Adoption is perhaps the most draconian of any family law Order. An Adoption Order vests the adopter with the legal rights (parental responsibility) of a natural parent in relation to the child in question. The Order also permanently revokes all parental rights held by any individual before the Order was made.
An application for adoption must be filed at Court before the subject child attains 18 years.
The aim underlying adoption is to provide a child with security and avoid the lack of continuity associated with long term foster care. Adoption is a radical remedy – and will not be used lightly or where an alternative private law remedy (such as a Residence Order) (see separate note) may be preferable.
In determining any application for an Adoption Order a Court must give paramount consideration to the welfare of the child and consider:-
- the child’s ascertainable wishes and feelings in light of the child’s age
- the child’s needs
- the child’s age, sex, background and relevant characteristics
- any harm which the child has suffered or is at risk of suffering
- issues concerning the child’s relationship with existing relatives (including the stability, quality and likely permanence of such relationship)
- Entitlement to inheritance can be affected for example under Intestacy Rules. An adopted child ceases for this purposes to be a "child" of their biological parent and will be treated as a "child" of their adoptive parent.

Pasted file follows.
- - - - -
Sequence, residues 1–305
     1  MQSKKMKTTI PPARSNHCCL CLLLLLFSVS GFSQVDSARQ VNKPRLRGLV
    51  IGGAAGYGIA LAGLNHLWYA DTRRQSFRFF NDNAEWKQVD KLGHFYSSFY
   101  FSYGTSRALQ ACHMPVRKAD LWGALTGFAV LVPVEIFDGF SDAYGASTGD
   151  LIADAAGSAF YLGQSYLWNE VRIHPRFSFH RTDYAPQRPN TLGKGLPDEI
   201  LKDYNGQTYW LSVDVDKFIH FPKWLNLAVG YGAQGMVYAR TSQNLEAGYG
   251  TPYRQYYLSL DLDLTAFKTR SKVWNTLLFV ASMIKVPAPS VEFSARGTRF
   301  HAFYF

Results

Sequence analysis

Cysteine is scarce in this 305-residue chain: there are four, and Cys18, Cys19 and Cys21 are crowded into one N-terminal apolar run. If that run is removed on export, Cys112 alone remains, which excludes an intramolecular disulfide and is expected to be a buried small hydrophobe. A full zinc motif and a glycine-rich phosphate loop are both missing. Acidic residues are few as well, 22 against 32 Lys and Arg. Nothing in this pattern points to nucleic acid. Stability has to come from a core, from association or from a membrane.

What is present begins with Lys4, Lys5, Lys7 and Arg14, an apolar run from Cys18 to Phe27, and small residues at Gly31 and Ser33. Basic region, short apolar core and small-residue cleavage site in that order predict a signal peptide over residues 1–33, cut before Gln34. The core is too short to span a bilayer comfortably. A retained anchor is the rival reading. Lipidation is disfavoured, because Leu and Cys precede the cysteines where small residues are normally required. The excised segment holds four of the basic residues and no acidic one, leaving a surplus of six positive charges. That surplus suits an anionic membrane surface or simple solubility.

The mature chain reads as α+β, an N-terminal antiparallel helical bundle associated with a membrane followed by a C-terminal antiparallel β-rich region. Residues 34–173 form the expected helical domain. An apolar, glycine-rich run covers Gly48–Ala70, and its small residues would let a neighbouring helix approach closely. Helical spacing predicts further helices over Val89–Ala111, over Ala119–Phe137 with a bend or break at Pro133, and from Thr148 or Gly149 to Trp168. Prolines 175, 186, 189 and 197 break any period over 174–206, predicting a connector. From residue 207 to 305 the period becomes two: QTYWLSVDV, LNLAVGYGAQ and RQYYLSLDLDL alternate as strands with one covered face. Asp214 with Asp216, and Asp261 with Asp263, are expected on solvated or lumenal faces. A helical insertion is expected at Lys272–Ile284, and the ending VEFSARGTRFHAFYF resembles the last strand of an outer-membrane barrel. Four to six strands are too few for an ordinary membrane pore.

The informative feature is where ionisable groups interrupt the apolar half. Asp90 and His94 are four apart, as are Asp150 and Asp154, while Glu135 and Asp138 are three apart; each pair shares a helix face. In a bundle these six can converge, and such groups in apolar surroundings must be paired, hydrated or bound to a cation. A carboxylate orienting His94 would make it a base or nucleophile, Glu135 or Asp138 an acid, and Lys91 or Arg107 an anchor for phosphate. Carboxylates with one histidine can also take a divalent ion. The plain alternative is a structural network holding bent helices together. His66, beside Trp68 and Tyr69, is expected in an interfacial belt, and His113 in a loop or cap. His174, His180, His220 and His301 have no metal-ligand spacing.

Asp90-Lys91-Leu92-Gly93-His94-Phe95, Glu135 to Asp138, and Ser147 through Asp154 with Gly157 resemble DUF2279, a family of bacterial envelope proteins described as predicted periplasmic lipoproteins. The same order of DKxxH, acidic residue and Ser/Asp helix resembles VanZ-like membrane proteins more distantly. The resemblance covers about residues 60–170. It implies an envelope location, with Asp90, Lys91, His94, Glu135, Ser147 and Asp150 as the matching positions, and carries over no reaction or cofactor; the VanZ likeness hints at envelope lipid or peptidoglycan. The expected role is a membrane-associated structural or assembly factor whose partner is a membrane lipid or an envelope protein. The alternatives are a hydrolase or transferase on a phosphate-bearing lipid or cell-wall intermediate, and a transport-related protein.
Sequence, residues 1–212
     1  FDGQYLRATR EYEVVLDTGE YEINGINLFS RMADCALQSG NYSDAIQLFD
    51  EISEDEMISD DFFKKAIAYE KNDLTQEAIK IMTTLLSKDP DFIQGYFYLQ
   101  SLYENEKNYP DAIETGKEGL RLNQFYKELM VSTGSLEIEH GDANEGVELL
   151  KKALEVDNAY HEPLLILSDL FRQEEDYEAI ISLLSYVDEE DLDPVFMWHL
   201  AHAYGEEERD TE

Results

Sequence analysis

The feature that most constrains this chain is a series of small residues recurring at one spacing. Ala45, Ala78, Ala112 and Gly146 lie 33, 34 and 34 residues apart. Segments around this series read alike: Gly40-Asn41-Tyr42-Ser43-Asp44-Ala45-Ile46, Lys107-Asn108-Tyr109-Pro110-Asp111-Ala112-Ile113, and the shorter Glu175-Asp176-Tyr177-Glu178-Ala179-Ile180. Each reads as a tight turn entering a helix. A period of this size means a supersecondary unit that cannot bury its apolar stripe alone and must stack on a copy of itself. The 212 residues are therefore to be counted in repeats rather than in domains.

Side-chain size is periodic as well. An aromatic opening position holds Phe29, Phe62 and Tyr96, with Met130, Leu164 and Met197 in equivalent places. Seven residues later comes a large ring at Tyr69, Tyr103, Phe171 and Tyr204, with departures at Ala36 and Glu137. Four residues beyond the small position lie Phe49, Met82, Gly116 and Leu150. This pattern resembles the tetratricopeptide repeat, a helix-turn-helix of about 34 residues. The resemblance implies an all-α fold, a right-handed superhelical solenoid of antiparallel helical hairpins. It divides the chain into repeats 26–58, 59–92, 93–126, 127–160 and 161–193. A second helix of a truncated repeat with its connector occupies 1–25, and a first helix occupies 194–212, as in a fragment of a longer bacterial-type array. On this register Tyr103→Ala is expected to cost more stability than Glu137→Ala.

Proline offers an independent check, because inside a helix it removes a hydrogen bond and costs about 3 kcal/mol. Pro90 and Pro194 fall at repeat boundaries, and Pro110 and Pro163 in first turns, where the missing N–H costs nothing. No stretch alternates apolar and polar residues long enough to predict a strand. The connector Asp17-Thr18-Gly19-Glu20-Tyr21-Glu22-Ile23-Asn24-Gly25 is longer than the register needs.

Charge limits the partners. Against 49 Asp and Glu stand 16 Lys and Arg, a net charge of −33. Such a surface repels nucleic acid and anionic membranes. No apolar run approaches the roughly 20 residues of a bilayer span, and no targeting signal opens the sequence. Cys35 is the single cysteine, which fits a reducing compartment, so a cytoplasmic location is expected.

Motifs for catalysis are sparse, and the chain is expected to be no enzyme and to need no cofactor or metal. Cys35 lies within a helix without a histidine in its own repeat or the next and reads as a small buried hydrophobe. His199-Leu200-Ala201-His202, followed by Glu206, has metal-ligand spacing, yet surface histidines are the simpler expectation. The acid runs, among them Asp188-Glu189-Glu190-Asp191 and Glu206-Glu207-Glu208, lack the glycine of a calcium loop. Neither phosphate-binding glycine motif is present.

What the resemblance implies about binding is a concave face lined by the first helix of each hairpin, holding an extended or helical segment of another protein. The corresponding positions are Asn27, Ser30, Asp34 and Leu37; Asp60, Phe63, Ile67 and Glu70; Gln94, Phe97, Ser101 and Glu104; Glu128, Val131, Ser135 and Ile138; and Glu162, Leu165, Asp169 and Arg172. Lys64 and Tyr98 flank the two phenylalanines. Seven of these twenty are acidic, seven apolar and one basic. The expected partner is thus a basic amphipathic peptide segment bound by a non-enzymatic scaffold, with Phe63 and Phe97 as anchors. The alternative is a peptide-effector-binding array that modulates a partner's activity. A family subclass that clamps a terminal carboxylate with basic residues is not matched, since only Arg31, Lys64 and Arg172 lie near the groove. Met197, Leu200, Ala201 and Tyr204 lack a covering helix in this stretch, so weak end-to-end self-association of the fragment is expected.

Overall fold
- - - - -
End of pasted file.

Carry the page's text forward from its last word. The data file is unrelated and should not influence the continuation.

Application for adoption may be made by single people or by a couple – including by relatives of the child such as a step parent.There are a number of pre-conditions to the making of an Adoption Order including:
- That the child’s parents consent to an Adoption Order or that the Court has directed that parental consent should be dispensed with (where for example a parent lacks mental capacity to give consent or where a Court concludes that promoting the child’s welfare overrides the desirability of parental consent)
- That the child must have lived with the prospective adopter for a minimum period (6 months for a natural parent, 12 months for a local authority foster parent or 3 years for any other class of applicant).
If a parent does not agree to a child being adopted a local authority may apply for a “Placement Order” – which most commonly occurs where a child is subject to a Care Order. A Placement Order has a number of important effects – but includes extinguishing the effect of any private law Children Act Orders and causes parental responsibility to be shared with the local authority. A guardian (social worker) will be appointed to represent the interests of the child to the Court within an application for a Placement Order.
Each local authority must establish a service to facilitate adoption – to assist children and prospective adopters. An adopted person aged 18 years or over may apply to have sight of their original birth certificate and they may apply via the adoption service for assistance in re-establishing contact with their natural parents.
If the Court ultimately grant an Adoption Order the effect includes:-
- The parental rights (responsibility) of the natural parents are extinguished
- The natural parent loses the entitlement as of right to apply for contact – but they may apply to the court to seek permission (leave) to apply for contact
- The duty of the natural parents to pay child maintenance ends.
The law of adoption is extremely complex. This can be no more than a brief outline.We are pleased to offer advice and representation within adoption applications. Legal aid is available.